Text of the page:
Egypt was namely a province of the Ottoman Empire at the time but its viceroy Mohammad Ali (1769-–1849), had earned enough power to act independently from the Sultan and had formed his own army and naval fleet. It was headed by his adoptive son Ibrahim Pasha (1789-–1848). The later had hired a number of veteran French officers - who had served under Emperor Napoleon I of France and were discharged from the French army following his defeat - to help organise the new army. By 1824 it counted 100,000 men and was both better organised and better equipped than the Sultan's army. Sultan Mahmud II offered to the viceroy the command of Crete, if he agreed to send part of this army against the Greeks. They quickly reached an agreement. The Egyptian army, under the personal command of Ibrahim Pasha, started a successful campaign in both land and sea against the relatively ill-equipped, disorganized and outnumbered Greeks. Among other victories, the Egyptian fleet managed to capture Psara on June 21, 1824. A part of the population managed to flee the island, but those who didn't were either sold into slavery or slaughtered. The island was deserted and surviving islanders were scattered through what is now Southern Greece.
After the destruction of his home island, Constantine continued to lead his men into attacks with minor successes. Despite them, Ibrahim Pasha would be virtually undefeated until the Battle of Navarino of October 20, 1827. Then the Egyptian fleet was destroyed by the combined naval forces of Britain, France and Russia, that had taken the Greeks under their "protection".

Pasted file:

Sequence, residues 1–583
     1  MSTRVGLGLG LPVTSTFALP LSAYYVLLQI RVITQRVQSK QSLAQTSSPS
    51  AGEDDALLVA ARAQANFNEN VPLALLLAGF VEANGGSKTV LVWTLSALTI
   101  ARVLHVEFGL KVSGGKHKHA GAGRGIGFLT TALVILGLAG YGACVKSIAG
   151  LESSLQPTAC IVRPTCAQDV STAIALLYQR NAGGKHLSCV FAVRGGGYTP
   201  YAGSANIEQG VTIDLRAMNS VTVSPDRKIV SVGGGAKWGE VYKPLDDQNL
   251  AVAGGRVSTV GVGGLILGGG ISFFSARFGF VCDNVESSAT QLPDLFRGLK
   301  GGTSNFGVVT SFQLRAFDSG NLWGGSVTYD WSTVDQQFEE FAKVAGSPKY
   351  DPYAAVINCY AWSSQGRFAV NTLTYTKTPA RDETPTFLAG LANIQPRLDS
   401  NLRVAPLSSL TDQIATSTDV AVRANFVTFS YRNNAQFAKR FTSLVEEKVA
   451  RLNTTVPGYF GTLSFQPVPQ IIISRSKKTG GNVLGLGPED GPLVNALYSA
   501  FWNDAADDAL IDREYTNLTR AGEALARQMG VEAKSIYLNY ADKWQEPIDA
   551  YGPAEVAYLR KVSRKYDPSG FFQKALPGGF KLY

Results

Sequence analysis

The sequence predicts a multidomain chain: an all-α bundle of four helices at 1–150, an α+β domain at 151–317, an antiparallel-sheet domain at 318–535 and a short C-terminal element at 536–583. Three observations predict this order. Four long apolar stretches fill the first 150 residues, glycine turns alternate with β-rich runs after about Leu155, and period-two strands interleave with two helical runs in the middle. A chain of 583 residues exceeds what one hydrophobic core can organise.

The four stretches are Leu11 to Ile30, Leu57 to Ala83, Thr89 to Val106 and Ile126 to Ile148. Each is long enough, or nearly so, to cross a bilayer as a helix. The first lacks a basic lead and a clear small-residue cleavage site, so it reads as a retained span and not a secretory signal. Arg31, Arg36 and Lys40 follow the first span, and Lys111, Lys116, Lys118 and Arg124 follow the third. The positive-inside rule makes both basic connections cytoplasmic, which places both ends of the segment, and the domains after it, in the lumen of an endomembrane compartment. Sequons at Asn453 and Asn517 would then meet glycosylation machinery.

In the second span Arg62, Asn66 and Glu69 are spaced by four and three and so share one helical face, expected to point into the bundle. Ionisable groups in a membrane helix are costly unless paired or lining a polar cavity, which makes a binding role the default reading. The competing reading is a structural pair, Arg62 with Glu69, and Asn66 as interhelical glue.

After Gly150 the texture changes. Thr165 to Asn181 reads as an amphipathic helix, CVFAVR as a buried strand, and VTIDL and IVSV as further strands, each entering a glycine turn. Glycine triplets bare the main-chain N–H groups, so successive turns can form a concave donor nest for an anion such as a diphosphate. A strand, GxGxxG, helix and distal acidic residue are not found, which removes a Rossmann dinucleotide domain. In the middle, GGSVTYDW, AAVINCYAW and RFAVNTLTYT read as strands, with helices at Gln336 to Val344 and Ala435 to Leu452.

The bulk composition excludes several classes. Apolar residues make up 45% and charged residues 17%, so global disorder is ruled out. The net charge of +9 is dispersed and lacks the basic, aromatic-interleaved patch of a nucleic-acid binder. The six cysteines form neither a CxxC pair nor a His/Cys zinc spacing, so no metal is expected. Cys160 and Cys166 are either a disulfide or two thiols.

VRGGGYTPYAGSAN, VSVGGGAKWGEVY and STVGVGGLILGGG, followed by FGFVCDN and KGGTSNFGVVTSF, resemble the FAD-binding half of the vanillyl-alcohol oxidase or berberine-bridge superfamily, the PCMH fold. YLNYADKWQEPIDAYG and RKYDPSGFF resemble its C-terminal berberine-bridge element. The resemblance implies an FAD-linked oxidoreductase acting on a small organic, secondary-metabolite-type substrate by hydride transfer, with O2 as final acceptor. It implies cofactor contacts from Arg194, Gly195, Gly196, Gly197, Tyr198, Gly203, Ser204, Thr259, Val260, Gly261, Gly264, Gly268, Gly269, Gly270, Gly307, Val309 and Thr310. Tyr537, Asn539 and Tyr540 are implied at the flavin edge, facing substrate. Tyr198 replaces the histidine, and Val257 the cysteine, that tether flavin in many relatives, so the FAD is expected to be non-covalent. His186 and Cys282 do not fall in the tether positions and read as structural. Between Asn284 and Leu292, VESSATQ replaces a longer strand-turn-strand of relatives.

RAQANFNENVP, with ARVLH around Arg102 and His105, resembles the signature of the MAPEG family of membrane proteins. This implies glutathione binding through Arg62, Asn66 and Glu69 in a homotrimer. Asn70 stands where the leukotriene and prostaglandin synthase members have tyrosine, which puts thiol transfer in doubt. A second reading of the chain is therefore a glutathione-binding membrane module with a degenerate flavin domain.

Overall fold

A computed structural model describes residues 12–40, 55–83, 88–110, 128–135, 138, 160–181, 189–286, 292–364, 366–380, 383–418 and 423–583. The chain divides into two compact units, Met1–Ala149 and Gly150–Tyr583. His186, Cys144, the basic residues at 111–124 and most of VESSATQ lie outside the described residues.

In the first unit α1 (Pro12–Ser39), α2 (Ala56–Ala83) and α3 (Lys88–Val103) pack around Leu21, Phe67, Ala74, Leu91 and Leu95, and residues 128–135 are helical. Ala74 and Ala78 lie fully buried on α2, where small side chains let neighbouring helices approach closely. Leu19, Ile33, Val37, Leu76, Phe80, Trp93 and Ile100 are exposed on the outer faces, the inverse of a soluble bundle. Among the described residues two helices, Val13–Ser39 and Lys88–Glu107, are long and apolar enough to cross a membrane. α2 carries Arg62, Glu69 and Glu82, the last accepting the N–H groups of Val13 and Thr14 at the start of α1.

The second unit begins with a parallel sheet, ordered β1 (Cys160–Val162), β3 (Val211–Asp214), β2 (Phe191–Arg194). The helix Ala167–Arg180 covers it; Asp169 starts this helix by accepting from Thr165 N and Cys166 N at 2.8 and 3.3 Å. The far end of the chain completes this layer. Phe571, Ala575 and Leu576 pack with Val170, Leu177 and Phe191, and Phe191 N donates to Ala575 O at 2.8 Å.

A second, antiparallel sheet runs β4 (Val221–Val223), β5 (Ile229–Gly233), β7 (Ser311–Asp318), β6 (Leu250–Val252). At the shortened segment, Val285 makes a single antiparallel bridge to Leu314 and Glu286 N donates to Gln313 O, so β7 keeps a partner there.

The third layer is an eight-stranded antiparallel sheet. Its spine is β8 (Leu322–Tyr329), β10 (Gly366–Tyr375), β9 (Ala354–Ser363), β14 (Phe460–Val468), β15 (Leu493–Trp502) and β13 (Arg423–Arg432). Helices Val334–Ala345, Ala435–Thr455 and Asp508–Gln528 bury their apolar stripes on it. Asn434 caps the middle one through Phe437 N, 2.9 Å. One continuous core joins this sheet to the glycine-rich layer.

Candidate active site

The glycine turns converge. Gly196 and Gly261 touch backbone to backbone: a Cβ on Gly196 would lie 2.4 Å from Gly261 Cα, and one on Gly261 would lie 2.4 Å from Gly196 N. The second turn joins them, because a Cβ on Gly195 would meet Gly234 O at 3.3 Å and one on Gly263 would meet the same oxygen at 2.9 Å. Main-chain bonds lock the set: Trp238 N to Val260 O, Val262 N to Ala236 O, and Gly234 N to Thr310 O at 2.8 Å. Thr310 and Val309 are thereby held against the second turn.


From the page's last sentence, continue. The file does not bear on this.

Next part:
Following the end of the War and the independence of Greece, Constantine became an officer of the new Greek Navy reaching the rank of Admiral and later a politician.
Kanaris in Chios by Michael Tombros (1889 – 1974) Sculptor
Kanaris served as Minister in various governments and then as Prime Minister from March 11- April 11, 1844. He served a second term (October 27, 1848 – December 24, 1849) and a third (May 28, 1854 – July 29, 1854). In 1862 he was one of the few War of Independence veterans that helped in the bloodless revolution that deposed King Otto of Greece and put Prince William of Denmark on the Greek throne as King George I of Greece. Under George I, he served as a prime minister for a fourth term (March 17 – April 28, 1864), fifth term (August 7, 1864 – February 9, 1865) and sixth and last term (June 7 – September 2, 1877). Following his death his government remained in power until September 14, 1877 without agreeing on a replacement at its head. He was buried in the First Cemetery of Athens, where most Greek prime ministers and celebrated figures are also buried. After his death he was honored as a national hero.
He is thought to be distantly related to Wilhelm Canaris, head of the German Abwehr during World War II, but the exact genealogical connection remains uncertain.
Kanaris, old 1 Drachme coin.
EPITAPH OF CONSTANTINE KANARIS
I am Constantine Kanaris:
In my bed I died—a Christian,
That upon the open ocean
Yet 'tis something that they've laid me
Monument of Constantine Kanaris, in Athens (Greek Wikipedia)
Konstantinos Kanaris (1790-1877)Athens, Photographic Archive of Hellenic Literary and Historical Museum